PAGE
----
Agaricus campestris

Agaricus campestris

The champignon (Agaricus campestris L., 1753) is an edible mushroom belonging to the family of Agaricaceae.

Systematics –
From the systematic point of view it belongs to the Eukaryota Domain, Fungi Kingdom, Basidiomycota Division, Agaricomycotina Subdivision, Class Agaricomycetes, Subclass Agaricomycetidae, Order Agaricales, Family Agaricaceae and then to the Genus Agaricus and to the A. Campestris Species.

Etymology –
The term Agaricus comes from the Greek αγαρικόν agarikón, agaric, ie fungus of the Agari, because according to the Greek physician, pharmacist and botanist Dioscorides was imported from Agaria, the country of the Sarmatians. The specific epithet campestris derives from campus, place plan, field: that is that it grows in the fields.

Geographic Distribution and Habitat –
The champignon is a mushroom that grows a little everywhere, at low and high altitudes, at any latitude; it is also found in human settlements, that is, in public and private gardens, in parks, in all the grassy areas of urban areas.

Recognition –
The Agaricus campestris is recognized for the globular hat with margins joined to the stem, then hemispherical and finally plane-convex, of variable dimensions between 5 and 20 cm in diameter; the margins are acute with a veil residue; the cuticle is white-yellowish, which then turns brown when ripe, floccose-silky and sometimes scaly. The lamellas are curved towards the margin, free to the stem; flesh color and then rosy or vinous red and finally brown-violet. They represent an important character, in fact they do not have to be white, in which case it can be a Leucoagaricus leucothites (unproven edibility) or even a deadly amanita. The stem is cylindrical, solid, smooth, white in color and tapered at the base. The ring is whitish, thin, ephemeral, folded in a double collar. It does not present the volva, otherwise it could be a deadly amanita. The meat of the hat is firm, fragile, white or lightly vinified, which turns very slowly to the rose when cut, with a very pleasant smell of anise or almond and sweet or slightly spicy; do not taste anyway if you are not absolutely sure of the identification.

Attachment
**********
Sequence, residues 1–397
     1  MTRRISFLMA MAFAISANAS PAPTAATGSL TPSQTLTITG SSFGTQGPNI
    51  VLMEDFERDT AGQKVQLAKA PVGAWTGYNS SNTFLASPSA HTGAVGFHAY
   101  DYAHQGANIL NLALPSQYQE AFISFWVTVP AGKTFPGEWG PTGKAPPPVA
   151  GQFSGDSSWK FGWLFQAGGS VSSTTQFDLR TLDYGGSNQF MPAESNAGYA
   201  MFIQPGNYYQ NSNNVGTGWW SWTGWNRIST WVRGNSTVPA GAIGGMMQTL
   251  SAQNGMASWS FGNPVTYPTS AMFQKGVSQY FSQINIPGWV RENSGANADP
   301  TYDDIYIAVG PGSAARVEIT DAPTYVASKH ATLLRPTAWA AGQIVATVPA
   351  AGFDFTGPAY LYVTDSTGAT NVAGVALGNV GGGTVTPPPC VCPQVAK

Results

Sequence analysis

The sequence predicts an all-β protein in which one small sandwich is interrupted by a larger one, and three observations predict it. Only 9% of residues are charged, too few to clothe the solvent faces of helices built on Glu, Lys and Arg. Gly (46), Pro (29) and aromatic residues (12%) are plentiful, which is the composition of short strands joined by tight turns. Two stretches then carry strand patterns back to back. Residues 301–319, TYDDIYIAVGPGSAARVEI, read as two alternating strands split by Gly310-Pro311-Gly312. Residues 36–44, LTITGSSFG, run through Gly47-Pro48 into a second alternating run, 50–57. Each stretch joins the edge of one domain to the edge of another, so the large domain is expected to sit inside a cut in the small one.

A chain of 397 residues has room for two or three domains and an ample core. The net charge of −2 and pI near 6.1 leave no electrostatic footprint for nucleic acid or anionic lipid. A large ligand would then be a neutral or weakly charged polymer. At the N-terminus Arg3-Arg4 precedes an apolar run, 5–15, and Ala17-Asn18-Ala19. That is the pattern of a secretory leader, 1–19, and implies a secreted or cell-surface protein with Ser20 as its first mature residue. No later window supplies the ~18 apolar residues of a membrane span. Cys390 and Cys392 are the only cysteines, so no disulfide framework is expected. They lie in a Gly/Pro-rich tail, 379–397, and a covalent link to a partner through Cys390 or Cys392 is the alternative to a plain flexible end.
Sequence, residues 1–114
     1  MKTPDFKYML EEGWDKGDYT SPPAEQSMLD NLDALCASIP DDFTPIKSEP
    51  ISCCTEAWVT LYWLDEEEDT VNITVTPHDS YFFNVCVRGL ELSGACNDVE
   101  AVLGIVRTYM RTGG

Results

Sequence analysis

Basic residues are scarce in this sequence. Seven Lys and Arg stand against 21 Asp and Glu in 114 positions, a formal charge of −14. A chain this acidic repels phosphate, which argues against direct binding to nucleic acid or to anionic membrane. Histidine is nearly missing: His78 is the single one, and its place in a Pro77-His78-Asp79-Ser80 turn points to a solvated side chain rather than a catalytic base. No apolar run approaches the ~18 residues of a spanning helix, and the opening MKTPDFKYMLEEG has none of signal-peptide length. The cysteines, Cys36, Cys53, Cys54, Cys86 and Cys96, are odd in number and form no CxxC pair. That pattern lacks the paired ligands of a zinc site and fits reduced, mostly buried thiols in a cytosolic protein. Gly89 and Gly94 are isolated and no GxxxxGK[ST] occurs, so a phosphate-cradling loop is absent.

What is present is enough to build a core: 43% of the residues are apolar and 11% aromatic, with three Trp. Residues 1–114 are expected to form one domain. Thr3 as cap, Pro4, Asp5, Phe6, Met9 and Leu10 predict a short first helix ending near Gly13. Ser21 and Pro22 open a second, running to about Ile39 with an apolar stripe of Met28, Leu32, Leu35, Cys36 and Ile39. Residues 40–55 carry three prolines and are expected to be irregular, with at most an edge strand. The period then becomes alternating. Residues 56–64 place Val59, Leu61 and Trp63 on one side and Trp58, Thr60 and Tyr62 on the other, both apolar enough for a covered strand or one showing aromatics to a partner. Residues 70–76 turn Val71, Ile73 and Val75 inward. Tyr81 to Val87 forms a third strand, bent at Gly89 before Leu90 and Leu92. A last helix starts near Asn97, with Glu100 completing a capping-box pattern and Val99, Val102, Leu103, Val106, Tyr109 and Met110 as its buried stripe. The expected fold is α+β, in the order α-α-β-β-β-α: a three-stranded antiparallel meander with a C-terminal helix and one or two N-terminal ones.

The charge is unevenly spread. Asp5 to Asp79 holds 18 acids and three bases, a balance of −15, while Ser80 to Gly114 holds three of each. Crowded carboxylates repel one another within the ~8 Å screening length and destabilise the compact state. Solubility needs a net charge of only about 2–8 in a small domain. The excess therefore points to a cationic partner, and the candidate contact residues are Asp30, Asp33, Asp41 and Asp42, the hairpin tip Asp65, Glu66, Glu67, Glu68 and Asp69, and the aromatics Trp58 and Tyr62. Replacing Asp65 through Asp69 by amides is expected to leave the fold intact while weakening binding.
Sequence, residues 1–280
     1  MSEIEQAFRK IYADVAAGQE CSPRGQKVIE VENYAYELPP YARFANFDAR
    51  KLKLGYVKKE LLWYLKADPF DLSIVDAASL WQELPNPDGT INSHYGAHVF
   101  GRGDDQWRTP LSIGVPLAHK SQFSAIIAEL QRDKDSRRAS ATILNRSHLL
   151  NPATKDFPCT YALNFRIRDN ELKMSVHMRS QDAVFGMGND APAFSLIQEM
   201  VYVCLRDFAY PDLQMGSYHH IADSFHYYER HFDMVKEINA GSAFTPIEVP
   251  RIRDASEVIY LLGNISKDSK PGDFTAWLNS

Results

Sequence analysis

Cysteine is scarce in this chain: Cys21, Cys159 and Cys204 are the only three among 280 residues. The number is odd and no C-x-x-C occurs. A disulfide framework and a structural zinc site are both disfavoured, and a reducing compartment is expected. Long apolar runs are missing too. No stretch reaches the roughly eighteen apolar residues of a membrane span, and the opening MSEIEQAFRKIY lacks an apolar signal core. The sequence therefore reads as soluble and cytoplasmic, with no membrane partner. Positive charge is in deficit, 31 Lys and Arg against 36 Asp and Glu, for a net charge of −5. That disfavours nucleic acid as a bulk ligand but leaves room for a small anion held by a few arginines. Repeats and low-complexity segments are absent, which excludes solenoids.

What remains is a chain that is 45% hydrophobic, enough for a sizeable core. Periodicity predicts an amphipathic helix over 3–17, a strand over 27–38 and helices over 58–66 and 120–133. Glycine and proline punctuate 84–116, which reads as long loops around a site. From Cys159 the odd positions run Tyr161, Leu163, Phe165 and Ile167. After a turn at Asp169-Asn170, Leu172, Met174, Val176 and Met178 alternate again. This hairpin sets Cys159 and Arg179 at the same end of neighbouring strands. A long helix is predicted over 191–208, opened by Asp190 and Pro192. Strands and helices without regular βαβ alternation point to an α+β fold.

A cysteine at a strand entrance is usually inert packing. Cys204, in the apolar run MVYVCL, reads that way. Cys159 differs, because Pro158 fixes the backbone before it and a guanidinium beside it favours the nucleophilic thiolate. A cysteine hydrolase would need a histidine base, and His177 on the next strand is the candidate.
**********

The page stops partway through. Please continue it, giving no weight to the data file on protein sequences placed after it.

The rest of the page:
Microscopic analysis shows spores of ovoid, brown in mass, of 6.5-8 × 4.5-6 μm.

Cultivation –
Agaricus campestris is the most common and collected spontaneous champignon.
The champignon or agaricus campestris grows in fields, meadows, pastures and well-fertilized woods. The maturation period of this mushroom runs from summer to autumn.

Uses and Traditions –
The champignon must be harvested only when it is certain to be in the presence of a fairly intact and unpolluted ecosystem. In fact, since it is a fungus that has hypercaptative properties on heavy metals, under no circumstances should it be collected in the city, as it may present considerable accumulations of lead.
The identification of this fungus is however quite easy; it has a very pleasant smell that makes it already distinguish from the group’s toxic mushrooms, all differently with unpleasant phenolic odor (ink) or in some cases null and with strongly yellowing meat, in particular at the base of the stem.
Among the fragrant and edible mushrooms the Agaricus campestris is the one with the most colored lamellae, of a beautiful pink color that soon becomes dark salmon, then goes to the brown chocolate and violet color when ripe. Another typical morphological characteristic is given by the stem strongly tapered at the base and by the ring, fragile and supero.
This prataiolo is much appreciated but not the same in all countries; in some it does not find particular interest. The Romans considered it excellent, and there is a testimony from some verses of Horace “Pratensibus optima fungis / Natura est; aliis male creditur “(that is: field mushrooms is the best mushroom in nature, others must not be trusted).
Currently in various research institutes studies are underway on fungal dressings for the treatment of ulcers and bedsores, using mycotic mycelial strands.
In the past, slices of A. campestris were applied to burns and burns in some parts of Scotland. It has also been shown that A. campestris water extracts increase insulin secretion and have insulin-like effects on glucose metabolism in vitro, although, to date, the mechanism is not understood.

Preparation Mode –
This champignon is a very versatile mushroom in cooking and storage. They range from preparations in oil, to drying or to freezing. In the dishes can be consumed “trifolato”, in sauces, stuffed, raw in salads and other side dishes. In short, it lends itself to an innumerable quantity of preparations. The stem can be consumed but only in specimens not too mature as it becomes more fibrous over time.

Guido Bissanti

– Wikipedia, the free encyclopedia.
– Cetto B., 2008. Real mushrooms, Saturnia, Trento.
– Pignatti S., 1982. Flora of Italy, Edagricole, Bologna.
– Conti F., Abbate G., Alessandrini A., Blasi C. (edited by), 2005. An annotated checklist of the Italian vascular flora, Palombi Editore.

Warning: Pharmaceutical applications and alimurgical uses are indicated for informational purposes only and do not in any way represent a medical prescription; there is therefore no liability for their use for curative, aesthetic or food purposes.

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